When measuring resilience, the type of trauma suffered matters

Woman veteran in wheelchair returned from the Army. She’s in a military uniform and looks far away or in pain.
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In previous studies of resilience in people, researchers have rarely differentiated in their analysis between the types of traumatic events experienced by individuals. However, the type of trauma undergone seems to be a significant predictor of how someone will fare long-term, according to a new study by researchers at the Yale School of Medicine and the VA Connecticut Healthcare System. Additionally, the team found that reactions to various types of trauma differs greatly by gender.  

This paper was published online in the Journal of Traumatic Stress.

Researchers assessed data examining trauma exposure, deployment experiences, and resilience in a subsample of veterans who participated in a large, three-phase longitudinal study examining gender differences in health outcomes and healthcare utilization among veterans who served in support of the recent conflicts in Iraq and Afghanistan.

When we first analyzed the data without accounting for the type of trauma experienced, it looked as though veteran men were overall more resilient than women following military discharge,” said Galina Portnoy, associate research scientist at Yale, psychologist at the VA Connecticut Healthcare System, and lead author of the study. “But I work with women veterans every day, and I suspected this wasn't the whole story.”

For further analysis, the team separated potentially traumatic events into multiple interpersonal (i.e., sexual abuse, rape, and intimate partner violence) and non-interpersonal (i.e. accidents, combat trauma, stranger violence) events. Once the researchers had statistically accounted for the type of trauma, suddenly men were no longer scoring as more resilient than women.

It turns out that interpersonal trauma has significant consequences for those who experience it, and given that those who experience interpersonal trauma are disproportionately women, this was initially skewing the data,” said Portnoy. “Additionally, social support during stressful periods in one's life, such as military deployment, makes a huge difference in one’s ability to cope, survive, and thrive.” Related to this, they also found that, compared to men, women reported experiencing less social support during deployment.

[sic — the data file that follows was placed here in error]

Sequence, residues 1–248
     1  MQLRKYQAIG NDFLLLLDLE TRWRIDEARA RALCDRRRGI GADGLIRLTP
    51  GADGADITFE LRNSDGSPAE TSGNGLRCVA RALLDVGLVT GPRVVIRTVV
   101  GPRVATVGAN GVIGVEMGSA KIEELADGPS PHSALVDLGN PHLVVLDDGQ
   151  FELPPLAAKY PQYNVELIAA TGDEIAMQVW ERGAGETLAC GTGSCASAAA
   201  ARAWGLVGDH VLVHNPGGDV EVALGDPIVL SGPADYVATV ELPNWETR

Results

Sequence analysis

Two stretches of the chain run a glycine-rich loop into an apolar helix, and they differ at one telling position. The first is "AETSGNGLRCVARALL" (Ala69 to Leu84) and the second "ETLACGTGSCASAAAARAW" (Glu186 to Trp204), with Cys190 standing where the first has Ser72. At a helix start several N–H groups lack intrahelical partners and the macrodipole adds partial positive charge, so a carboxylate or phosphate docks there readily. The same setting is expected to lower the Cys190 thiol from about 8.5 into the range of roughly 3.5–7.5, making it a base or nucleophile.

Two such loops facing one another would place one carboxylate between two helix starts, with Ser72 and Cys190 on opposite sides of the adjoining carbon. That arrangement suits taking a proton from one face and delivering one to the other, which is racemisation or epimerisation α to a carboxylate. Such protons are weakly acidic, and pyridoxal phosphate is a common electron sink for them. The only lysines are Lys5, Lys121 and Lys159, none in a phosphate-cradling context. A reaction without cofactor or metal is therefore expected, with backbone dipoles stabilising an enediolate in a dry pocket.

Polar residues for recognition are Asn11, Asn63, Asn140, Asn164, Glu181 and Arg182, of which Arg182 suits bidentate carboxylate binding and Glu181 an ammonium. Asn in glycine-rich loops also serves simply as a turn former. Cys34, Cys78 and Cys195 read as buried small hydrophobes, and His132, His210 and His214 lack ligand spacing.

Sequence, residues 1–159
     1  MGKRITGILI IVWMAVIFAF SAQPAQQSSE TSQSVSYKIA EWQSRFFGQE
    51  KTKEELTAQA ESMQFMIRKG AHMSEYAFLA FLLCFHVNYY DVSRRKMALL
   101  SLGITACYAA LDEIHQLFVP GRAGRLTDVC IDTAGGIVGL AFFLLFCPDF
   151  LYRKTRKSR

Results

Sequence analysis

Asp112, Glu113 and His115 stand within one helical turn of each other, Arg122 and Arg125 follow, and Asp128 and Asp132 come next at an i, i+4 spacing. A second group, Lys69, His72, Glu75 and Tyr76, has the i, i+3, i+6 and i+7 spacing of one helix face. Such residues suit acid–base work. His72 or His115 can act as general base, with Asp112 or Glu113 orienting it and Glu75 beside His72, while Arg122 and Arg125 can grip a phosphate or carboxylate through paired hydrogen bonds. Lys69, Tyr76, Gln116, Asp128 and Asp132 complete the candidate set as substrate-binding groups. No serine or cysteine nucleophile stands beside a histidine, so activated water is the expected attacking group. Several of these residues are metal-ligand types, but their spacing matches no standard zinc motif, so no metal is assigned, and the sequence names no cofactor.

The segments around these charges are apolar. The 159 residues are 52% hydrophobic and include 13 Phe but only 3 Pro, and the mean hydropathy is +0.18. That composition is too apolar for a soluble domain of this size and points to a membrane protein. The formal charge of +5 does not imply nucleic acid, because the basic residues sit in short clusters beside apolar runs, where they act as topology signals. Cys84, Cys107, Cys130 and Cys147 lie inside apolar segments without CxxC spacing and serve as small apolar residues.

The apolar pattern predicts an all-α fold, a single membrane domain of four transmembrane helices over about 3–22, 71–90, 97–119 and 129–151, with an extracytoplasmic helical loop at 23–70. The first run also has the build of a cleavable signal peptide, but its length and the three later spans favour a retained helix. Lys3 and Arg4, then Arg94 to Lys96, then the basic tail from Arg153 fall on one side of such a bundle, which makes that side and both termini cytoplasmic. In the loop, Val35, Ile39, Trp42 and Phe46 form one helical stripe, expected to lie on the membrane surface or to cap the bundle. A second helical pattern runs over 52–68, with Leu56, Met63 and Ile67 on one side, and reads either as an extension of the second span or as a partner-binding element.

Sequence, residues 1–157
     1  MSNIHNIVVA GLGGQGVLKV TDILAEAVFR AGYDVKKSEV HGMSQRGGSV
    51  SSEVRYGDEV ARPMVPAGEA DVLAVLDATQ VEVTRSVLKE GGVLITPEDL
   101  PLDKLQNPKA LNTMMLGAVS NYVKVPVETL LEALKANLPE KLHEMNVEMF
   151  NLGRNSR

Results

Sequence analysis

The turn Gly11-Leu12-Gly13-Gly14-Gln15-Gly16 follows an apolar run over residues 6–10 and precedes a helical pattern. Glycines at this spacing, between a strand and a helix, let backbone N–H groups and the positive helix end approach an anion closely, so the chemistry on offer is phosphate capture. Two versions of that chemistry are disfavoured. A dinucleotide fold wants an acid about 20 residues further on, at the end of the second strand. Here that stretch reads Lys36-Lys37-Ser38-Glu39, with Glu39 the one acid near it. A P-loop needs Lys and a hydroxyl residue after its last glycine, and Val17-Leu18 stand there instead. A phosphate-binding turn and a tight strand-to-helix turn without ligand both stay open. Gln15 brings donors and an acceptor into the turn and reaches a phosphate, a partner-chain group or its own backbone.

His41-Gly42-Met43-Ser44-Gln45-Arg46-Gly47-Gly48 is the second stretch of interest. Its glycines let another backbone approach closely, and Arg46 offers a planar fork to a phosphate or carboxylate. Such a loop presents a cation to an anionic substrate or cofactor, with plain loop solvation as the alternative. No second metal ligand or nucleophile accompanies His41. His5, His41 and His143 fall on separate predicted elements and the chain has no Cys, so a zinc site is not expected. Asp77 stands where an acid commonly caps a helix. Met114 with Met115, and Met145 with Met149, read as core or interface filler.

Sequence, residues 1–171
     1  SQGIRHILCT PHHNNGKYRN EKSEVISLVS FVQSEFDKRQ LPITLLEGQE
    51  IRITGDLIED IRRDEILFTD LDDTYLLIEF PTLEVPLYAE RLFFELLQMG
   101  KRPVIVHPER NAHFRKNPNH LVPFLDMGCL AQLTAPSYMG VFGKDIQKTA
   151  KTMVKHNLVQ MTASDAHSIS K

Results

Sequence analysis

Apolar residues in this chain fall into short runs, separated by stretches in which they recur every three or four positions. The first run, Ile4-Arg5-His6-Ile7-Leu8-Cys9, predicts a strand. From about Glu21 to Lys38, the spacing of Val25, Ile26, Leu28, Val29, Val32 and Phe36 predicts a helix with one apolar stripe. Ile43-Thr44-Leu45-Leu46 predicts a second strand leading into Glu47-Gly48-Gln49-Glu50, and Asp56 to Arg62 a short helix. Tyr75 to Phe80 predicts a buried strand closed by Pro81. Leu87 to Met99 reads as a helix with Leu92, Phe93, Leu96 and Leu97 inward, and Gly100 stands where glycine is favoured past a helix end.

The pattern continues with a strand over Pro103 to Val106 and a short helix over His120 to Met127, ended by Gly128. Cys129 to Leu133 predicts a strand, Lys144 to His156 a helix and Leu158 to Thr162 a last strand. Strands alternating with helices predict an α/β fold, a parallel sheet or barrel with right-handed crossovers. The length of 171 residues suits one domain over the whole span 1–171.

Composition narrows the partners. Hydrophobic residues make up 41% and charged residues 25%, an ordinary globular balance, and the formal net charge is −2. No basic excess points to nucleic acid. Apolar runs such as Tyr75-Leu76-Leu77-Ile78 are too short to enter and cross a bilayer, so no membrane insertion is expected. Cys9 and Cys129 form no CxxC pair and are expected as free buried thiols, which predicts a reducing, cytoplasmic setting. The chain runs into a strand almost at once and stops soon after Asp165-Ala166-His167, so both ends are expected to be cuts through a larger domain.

Portnoy and her co-authors have concluded that “the way our field currently studies ‘resilience’ may need re-thinking.” They say that men and individuals with more resources (i.e., socioeconomic status, education, income, and employment) — or “social privilege”— often score higher on measures of resilience. In other words, the researchers said, these privileges may be contributing more to those high scores rather than any innate capacity those individuals have for resilience.

Therefore, they advocate shifting the way trauma and resilience are studied, away from only “identifying characteristics within the individual (e.g., a person’s ability to cope with triggers)” and towards accounting for “factors within a person’s social-ecological context that serve to promote or inhibit resilient processes and outcomes, such as social support or the types of traumas they have experienced in the past.”

Other authors on the paper include Mark Relyea, Suzanne Decker, Andrea Shamaskin-Garroway, Mary Driscoll, Cynthia Brandt, and Sally Haskell.

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Kendall Teare: kendall.teare@yale.edu, 203-836-4226